Wind Tunnel Tests Provide New Data on the Evolution of Powered Flight in Birds
Thanks to some amazing dinosaur fossil discoveries that have been made in recent years, most notably from the Liaoning Province of northern China, palaeontologists have been able to study a number of feathered Theropod dinosaurs and primitive birds. Such studies have shed light on the evolution of feathers and provided information on the origins of powered flight. However, little work has been done on testing the flight abilities of these early Cretaceous creatures. The flight performance, stability and aerodynamics of one Theropod dinosaur, a genus called Microraptor, one of the smallest dinosaurs known to science, has been put to the test by a team of researchers at Southampton University (United Kingdom).
About two dozen or so specimens of Microraptor have been excavated from the fine grained sedimentary deposits of Liaoning Province. Many of these beautifully preserved fossils show that this little dinosaur had asymmetrical flight feathers on both its arms and its legs. The body was covered in downy feathers and this carnivore, which probably weighed around 1,000 grammes, had a long, rigid tail that sported an array of feathers too. In essence the feather covered limbs and tail provided Microraptor with five potential lifting surfaces, it essentially had five wings.
The Fossilised Remains of a Microraptor
Insight into the evolution of flight using a wind tunnel.
The scientists from Southampton University built a full scale model of Microraptor in order to test the flight abilities of this “flying dinosaur”. Tests in a wind tunnel suggest that the fore-limb dominated bird flight passed through an evolutionary stage of four-winged flight (terapteryx). The research into Microraptor indicates that this dinosaur’s anatomy represents an important stage in the development of gliding leading on to powered flight.
The wind test results show that Microraptor would have been most stable gliding when large amounts of lift was generated from its wings. Flight simulations demonstrate that this behaviour had advantages since this high lift coefficient allows for slow glides, which can be achieved with less height loss. For gliding down from low elevations, such as trees, this slow, and aerodynamically less efficient flight was the gliding strategy that results in minimal height loss and longest glide distance, a most efficient form of movement.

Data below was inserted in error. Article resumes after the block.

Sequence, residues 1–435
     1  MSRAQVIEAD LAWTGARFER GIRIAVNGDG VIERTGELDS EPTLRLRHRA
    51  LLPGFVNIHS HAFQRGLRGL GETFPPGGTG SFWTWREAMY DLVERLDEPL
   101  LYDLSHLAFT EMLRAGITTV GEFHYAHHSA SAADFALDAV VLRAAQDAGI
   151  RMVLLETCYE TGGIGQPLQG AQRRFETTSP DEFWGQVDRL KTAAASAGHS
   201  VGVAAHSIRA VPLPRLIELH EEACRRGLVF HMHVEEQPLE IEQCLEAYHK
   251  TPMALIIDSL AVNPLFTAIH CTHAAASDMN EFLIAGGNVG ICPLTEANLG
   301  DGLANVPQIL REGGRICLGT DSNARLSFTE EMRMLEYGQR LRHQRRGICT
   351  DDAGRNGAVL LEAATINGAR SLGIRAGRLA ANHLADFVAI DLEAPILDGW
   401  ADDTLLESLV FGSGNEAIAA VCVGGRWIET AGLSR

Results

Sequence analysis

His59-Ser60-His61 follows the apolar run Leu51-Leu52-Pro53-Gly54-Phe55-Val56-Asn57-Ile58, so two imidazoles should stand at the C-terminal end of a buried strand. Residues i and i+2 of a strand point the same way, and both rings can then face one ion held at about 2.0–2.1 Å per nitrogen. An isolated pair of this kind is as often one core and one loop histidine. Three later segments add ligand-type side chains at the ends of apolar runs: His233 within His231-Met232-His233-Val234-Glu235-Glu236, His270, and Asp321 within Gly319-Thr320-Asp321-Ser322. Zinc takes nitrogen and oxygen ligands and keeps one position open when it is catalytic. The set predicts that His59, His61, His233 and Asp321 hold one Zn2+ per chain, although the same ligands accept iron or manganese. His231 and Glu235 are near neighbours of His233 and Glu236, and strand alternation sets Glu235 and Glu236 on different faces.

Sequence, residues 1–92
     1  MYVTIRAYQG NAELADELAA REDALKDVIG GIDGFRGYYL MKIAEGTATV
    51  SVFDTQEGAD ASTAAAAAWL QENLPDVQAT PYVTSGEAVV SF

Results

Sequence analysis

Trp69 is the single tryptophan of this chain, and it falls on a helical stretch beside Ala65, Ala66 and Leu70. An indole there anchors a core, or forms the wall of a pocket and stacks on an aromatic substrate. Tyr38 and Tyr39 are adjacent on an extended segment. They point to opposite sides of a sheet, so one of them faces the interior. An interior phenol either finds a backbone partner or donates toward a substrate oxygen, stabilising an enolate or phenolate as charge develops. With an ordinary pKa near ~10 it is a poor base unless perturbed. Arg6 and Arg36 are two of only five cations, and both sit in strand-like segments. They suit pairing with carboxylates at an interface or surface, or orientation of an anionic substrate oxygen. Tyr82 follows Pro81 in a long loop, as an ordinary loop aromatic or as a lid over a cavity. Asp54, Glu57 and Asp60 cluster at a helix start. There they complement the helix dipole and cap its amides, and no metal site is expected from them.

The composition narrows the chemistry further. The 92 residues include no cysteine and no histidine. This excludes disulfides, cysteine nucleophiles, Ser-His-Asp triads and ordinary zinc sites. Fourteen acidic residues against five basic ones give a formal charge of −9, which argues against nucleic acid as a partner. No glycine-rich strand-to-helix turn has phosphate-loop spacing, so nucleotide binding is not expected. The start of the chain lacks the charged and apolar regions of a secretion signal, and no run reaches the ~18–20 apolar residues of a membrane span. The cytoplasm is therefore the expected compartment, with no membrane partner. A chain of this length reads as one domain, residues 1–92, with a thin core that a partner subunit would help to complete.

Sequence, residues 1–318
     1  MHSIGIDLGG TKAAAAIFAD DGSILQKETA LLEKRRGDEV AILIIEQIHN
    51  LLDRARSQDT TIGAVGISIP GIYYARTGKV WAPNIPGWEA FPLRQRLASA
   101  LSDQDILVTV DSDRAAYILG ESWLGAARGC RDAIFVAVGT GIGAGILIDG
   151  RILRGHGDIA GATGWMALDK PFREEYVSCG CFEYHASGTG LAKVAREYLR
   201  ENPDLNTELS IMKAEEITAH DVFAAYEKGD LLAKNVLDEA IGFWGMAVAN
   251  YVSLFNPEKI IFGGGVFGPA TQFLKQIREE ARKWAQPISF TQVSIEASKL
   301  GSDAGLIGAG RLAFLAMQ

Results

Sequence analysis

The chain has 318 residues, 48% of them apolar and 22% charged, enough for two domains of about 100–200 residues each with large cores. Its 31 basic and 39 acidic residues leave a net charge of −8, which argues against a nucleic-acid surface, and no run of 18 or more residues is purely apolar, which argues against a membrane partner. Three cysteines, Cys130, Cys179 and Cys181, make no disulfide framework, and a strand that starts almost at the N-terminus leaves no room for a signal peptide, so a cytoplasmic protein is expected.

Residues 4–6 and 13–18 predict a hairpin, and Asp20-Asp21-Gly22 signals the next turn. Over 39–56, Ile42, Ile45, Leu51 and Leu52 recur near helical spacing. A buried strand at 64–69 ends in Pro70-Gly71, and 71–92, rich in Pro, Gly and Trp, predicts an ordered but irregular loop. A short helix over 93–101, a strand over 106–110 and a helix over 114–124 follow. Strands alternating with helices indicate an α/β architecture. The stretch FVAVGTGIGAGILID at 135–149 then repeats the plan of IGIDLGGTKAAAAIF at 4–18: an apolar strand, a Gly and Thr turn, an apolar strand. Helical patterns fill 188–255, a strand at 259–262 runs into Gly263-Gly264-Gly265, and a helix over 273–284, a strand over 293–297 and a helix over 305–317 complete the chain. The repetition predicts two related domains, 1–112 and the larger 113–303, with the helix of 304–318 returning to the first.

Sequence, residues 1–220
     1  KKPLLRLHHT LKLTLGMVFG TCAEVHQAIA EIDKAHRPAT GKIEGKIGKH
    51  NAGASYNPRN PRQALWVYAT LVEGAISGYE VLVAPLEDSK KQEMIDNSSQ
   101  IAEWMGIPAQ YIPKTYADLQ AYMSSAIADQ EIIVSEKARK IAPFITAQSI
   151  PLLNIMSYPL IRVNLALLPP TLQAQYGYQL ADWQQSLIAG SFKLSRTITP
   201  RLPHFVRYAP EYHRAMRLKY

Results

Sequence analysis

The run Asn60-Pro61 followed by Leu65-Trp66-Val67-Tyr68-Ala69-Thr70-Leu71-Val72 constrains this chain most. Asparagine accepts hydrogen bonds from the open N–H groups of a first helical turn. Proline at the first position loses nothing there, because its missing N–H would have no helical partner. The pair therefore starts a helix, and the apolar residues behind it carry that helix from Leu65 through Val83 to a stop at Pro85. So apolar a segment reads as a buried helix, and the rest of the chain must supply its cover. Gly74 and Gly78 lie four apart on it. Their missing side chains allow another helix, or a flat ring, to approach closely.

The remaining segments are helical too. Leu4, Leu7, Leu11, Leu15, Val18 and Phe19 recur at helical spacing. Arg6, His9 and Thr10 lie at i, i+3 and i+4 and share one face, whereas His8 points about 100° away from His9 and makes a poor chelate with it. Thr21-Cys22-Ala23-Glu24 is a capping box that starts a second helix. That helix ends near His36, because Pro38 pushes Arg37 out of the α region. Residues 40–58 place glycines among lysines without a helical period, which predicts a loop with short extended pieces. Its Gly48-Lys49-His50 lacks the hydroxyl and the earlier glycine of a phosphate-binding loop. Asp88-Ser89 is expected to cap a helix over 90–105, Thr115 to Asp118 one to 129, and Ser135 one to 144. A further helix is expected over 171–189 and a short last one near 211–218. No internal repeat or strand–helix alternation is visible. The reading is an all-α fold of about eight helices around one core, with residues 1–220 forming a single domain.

For many years, the position and orientation of Microraptor’s legs and wings as it glided had been debated. However, the leg position and wing shape turns out to be largely irrelevant, the wind tunnel tests indicate that changes in these variables make little difference to the dinosaur’s ability to fly.
Senior Lecturer in Vertebrate Palaeontology at the University, Dr. Gareth Dyke, a co-author of this new study commented:
“Significant to the evolution of flight, we show that Microraptor did not require a sophisticated, ‘modern’ wing morphology to undertake effective glides, as the high-lift coefficient regime is less dependent upon detail of wing morphology. This is consistent with the fossil record, and also with the hypothesis that symmetric ‘flight’ feathers first evolved in dinosaurs for non-aerodynamic functions, later being adapted to form aerodynamically capable surfaces.”
Model of a Microraptor to Test Aviation Capabilities
Up, up and away!
Picture Credit: Solent
The research has been written up for inclusion in the next edition of the academic journal “Nature Communications”.
Dr. Roeland de Kat, the study’s co-author and a Research Fellow in the Aerodynamics and Flight Mechanics Research Group (Southampton University), added:
“What interests me is that aerodynamic efficiency is not the dominant factor in determining Microraptor’s glide efficiency. However, it needs a combination of a high lift coefficient and aerodynamic efficiency to perform at its best.”
This is the first time such wind tunnel tests have been carried out on such a sophisticated model representing a Microraptor, the model even has real feathers applied to its limbs, these feathers provide detailed information on the effect of air currents and on drag, helping the researchers to gain a much deeper understanding of the flight capabilities of this Early Cretaceous dinosaur. Further details of this research will be presented at a conference celebrating the importance of British and Chinese dinosaur fossil discoveries being held later this week at the National Oceanography Centre (Southampton).
A Scale Drawing of Microraptor
M. gui scale drawing
Picture Credit: Everything Dinosaur